I know it is not really a dome; a dome is rounded on top. It is a box with holes, but that does not do it justice. It does not do it justice because the play it elicits from the children is exquisite, like the shape of a dome. That is enough poetic license for now. Sorry.
The truth is that the box over the horizontal channels changed the nature of play because it added intriguing spaces for exploration. For children the equation works something like this: more intriguing spaces equals more exploration.
Let's look at some spaces the children discovered to explore and what those explorations looked like.
First, there are the openings created by the box over the channels. In the picture below, the boy keeps running the palm of his hand under the edge of the box over and over again. Why? To see what it feels like, of course.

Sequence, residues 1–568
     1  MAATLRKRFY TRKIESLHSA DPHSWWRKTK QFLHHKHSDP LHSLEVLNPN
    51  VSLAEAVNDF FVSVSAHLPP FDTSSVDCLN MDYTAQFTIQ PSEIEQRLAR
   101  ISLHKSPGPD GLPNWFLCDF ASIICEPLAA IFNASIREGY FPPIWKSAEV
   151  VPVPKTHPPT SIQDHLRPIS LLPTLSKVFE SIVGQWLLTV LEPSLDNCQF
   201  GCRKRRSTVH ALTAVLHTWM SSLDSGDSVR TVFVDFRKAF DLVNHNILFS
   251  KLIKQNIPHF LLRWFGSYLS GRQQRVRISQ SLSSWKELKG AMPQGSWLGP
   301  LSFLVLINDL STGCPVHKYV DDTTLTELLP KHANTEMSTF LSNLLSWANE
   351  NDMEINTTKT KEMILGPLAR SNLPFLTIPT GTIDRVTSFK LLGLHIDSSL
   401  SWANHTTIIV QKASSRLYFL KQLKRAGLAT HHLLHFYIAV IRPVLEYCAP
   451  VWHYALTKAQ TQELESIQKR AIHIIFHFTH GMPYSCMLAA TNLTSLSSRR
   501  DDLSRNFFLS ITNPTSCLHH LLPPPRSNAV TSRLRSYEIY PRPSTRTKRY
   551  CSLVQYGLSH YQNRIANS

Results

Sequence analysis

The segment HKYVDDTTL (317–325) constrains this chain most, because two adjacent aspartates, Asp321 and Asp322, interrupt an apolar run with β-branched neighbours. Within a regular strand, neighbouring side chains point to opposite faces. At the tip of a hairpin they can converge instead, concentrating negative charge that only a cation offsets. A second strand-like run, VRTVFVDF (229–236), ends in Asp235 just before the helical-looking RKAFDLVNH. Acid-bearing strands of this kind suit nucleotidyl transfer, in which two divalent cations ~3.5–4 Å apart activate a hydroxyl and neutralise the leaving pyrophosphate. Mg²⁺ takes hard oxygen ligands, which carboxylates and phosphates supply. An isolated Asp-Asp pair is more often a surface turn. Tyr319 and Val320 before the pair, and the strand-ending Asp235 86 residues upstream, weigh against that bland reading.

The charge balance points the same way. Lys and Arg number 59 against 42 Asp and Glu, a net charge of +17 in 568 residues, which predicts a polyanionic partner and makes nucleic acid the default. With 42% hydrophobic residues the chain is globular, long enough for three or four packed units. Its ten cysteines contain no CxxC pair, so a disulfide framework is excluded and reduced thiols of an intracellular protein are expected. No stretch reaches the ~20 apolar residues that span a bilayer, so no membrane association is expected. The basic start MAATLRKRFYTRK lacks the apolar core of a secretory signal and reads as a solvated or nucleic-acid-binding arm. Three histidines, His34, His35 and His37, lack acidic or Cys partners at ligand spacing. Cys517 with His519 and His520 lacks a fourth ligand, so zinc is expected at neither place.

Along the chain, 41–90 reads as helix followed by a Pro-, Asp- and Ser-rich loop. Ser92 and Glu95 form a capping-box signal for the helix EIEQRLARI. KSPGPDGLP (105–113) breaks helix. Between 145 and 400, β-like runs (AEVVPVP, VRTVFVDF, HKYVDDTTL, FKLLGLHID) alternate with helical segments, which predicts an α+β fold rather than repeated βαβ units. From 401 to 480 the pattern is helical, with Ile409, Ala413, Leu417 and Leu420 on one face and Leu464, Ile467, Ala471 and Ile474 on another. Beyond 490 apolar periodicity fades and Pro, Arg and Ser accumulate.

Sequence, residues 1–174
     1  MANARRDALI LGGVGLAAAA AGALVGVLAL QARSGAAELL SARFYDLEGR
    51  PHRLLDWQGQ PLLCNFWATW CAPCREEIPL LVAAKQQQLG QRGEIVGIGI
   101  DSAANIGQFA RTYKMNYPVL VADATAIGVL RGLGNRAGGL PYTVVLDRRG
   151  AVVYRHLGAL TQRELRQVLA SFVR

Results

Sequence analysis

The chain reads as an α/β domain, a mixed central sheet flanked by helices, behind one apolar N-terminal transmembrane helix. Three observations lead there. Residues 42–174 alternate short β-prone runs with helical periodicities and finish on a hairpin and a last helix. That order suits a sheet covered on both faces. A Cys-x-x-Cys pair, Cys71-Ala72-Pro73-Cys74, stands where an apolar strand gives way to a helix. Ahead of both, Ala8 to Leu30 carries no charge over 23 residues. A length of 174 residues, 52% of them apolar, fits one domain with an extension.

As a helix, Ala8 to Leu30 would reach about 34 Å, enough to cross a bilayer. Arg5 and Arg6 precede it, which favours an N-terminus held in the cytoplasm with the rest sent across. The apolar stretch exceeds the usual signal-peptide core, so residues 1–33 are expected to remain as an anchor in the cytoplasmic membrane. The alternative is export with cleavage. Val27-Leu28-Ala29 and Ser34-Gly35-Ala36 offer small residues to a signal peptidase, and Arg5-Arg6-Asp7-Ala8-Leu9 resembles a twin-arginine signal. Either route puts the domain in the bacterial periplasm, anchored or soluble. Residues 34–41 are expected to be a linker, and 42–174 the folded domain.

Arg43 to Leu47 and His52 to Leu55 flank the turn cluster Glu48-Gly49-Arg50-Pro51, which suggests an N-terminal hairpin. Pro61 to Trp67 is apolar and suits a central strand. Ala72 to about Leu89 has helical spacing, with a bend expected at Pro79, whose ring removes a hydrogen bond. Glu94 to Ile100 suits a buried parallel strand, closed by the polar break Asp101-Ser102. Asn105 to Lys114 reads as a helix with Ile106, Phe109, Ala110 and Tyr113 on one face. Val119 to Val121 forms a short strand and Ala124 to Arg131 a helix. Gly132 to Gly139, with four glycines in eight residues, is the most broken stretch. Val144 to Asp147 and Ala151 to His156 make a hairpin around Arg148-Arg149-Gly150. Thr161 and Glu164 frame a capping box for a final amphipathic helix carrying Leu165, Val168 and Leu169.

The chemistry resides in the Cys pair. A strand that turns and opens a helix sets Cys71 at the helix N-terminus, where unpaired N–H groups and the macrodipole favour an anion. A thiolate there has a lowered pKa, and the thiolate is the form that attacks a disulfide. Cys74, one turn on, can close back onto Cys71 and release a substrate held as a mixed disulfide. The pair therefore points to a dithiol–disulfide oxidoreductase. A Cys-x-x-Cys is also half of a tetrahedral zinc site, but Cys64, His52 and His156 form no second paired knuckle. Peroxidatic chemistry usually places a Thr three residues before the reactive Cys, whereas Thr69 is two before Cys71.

From feeling the edge of the box, this child starts to feel the corn by reaching under the the partition. His hand is totally immersed in the corn. Immersing his hand under the partition has to be a different sensation that simply immersing his hand in an open channel. The feeling of immersing in this instance is totally cut off from his vision by the partition. As you can see, this two-year-old finds this part of the box appealing and worthy of exploration.